Leave No Trace of the Fatal Catch with Roxe Anne Peacock
Could you please start by telling us a little about yourself?
The sky’s the limit. As I begin my next journey of taking on the task to be an e-publisher, I feel the need to be able to write in multiple genres. First, I went through my art stage, which was invaluable for working with cover art. My art was featured in Border’s coffee shop for one month, in specialty shops, museums, and art galleries. The moment I savor most is when I was asked to be in a juried art book, Art Rockford, sponsored by the Chamber of Commerce. At the conclusion of that accomplishment, I decided it was time to venture out into the world and try my hand at writing.
I began my writing journey composing poetry and then submitting my works to a local newspaper. Then I joined a local writer’s group who hold an Ide’s of March contest each year. I entered several short stories, some of which were chosen for their book. My next project seemed imminent. The first mystery I worked on was Fatal Catch, but Leave No Trace was the first to be published. I wrote the book in third person and wasn’t happy with the results. I then rewrote the entire book in first person. What a task.
My experiences weren’t much different than most. I worked on two books at a time; one of which I thought was fantastic. Boy was I wrong. I decided to attend my first writer’s conference, in February no less; snow storms, stranded. I went around to all the panels and like a kid in the candy store. I did a lot of networking and met many new friends. The next step was the dreaded pitch which I rehearsed for days on end. I walked into the first pitch, greeted by the perfect publisher for a first time author, Karen Syed, Echelon Press. I pitched my heart out and she gave me positive feedback. Whew, that went well, I thought. My time was up. I held my head high and smiled all the way out the door, only to fall face first in front of a group of writers waiting in line. With it almost being time to dress for dinner, I retreated to my room and called everyone at home and said, “I am going to get published. They loved my book. I have three or four parties interested”. No such luck. After I returned home, I was still pumped. I submitted about forty cover letters and synopsis to agents and publishers, only to get rejected on all accounts.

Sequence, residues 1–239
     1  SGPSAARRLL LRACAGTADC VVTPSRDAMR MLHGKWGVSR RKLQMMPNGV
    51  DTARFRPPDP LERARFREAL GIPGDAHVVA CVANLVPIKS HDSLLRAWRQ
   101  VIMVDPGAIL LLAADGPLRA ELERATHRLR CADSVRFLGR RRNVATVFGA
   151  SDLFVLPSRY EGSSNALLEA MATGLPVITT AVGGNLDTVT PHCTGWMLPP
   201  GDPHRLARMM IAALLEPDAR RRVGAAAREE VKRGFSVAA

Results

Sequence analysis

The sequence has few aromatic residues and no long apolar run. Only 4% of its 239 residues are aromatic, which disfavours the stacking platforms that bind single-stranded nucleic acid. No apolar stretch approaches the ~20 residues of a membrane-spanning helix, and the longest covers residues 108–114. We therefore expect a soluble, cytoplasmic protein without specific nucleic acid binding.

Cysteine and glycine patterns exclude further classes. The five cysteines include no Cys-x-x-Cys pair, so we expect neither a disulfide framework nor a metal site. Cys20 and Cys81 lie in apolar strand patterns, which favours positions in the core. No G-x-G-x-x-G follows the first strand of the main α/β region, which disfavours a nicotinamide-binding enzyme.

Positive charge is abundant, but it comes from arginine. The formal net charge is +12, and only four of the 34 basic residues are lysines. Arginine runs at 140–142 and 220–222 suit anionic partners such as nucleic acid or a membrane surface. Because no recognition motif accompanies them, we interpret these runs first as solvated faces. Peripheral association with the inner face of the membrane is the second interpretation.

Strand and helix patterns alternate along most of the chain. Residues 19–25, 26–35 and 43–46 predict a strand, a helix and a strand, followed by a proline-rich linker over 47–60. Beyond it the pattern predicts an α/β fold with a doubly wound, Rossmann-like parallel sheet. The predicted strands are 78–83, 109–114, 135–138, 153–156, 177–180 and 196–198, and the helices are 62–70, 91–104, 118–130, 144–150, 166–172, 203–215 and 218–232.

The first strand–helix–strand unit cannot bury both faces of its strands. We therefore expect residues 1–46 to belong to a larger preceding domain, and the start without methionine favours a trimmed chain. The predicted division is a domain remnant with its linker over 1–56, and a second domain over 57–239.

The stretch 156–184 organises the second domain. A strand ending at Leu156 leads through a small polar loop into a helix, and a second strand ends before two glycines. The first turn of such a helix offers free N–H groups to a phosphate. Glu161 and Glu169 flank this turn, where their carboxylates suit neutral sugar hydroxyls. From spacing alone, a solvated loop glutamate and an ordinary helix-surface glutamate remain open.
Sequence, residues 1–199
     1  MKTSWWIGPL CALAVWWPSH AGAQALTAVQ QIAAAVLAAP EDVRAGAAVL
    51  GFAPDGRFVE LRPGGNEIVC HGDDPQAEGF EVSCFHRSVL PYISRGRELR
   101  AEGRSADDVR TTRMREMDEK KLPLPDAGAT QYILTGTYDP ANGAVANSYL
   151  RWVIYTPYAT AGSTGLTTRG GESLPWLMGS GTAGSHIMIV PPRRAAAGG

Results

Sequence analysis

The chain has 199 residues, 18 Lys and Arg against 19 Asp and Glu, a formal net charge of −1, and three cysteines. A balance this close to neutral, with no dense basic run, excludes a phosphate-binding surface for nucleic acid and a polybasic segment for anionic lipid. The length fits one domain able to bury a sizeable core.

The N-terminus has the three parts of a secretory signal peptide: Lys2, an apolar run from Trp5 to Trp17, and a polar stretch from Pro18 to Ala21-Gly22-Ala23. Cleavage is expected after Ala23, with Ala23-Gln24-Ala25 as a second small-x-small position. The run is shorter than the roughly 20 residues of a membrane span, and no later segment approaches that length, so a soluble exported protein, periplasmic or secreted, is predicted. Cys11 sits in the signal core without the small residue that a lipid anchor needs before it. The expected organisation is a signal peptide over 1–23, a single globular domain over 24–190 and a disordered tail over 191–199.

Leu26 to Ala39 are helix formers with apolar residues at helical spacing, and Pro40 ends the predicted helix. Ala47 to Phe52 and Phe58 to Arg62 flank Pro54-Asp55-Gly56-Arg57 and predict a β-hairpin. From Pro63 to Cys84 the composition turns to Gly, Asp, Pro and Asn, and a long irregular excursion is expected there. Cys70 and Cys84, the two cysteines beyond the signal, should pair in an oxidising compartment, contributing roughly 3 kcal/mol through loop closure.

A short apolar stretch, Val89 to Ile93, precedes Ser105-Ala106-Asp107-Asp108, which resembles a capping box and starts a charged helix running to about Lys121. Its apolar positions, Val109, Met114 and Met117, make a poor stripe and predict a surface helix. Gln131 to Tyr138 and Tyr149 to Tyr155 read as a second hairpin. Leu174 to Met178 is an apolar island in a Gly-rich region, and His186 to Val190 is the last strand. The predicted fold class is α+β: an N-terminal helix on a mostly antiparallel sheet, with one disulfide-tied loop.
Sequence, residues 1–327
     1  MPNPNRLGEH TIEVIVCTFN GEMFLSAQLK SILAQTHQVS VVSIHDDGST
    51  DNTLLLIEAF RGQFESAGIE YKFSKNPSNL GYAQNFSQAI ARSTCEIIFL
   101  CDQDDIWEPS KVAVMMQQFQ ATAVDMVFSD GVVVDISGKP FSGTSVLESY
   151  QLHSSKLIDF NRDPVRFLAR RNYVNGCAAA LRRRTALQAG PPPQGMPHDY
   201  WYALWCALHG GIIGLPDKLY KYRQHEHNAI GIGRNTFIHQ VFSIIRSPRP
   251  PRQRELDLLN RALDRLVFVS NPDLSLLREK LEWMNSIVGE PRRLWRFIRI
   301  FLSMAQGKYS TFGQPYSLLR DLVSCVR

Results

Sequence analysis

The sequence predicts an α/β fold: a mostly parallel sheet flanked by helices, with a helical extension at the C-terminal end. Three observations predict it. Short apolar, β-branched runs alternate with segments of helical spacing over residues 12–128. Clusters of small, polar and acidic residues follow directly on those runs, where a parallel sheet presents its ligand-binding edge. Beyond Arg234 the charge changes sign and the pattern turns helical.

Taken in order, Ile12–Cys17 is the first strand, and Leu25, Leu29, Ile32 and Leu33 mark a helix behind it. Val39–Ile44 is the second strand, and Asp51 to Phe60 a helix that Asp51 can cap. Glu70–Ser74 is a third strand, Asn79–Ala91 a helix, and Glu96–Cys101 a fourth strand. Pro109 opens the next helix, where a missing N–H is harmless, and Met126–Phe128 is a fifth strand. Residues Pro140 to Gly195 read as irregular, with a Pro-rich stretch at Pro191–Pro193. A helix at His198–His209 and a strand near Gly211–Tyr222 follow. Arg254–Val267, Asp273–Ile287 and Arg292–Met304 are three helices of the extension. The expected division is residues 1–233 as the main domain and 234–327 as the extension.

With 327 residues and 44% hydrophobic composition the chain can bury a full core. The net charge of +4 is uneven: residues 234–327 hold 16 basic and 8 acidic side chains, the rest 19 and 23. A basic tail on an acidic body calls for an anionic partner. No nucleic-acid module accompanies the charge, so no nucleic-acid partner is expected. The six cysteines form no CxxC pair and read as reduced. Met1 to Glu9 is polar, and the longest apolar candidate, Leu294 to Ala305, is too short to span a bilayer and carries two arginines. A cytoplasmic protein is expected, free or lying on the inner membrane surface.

The moral of this story is to make sure your work is polished. Don’t let friends and family critique your work, find a good editor. I also was told by one agent to change the title of one of my books which I did. Now this doesn’t mean I change everything suggested, I do keep what I truly believe in.
If you are a new writer, join good writer’s groups online and locally. Attend conferences and panels. But most of all, don’t rehearse your pitch so much you come off like you are reciting a political speech.
The next step to boost my sore ego was to write a short story, Battlefield Ghosts. It was published by Dragoon Publishing in Ghost Voices. The great news gave me strength to continue writing.
After Fatal Catch and Leave No Trace came my non-fiction project, my nightmare, torture and wonderful adventure. I never knew writing a historical cookbook could be so demanding. History Lover’s Cookbook is based on nineteenth century recipes and the Civil War. With all the research, also comes the trial and error of trying to interpret recipes which have a language all their own. Thank goodness for grandkids who are willing to eat the rejects. After many times making the same recipe, there are the dreaded photographs. Food photography needs to be respected people, it is difficult. A good cup of coffee comes with a dab of dish soap swirled around to make the bubbles. The food photography alone caused my hair to turn gray.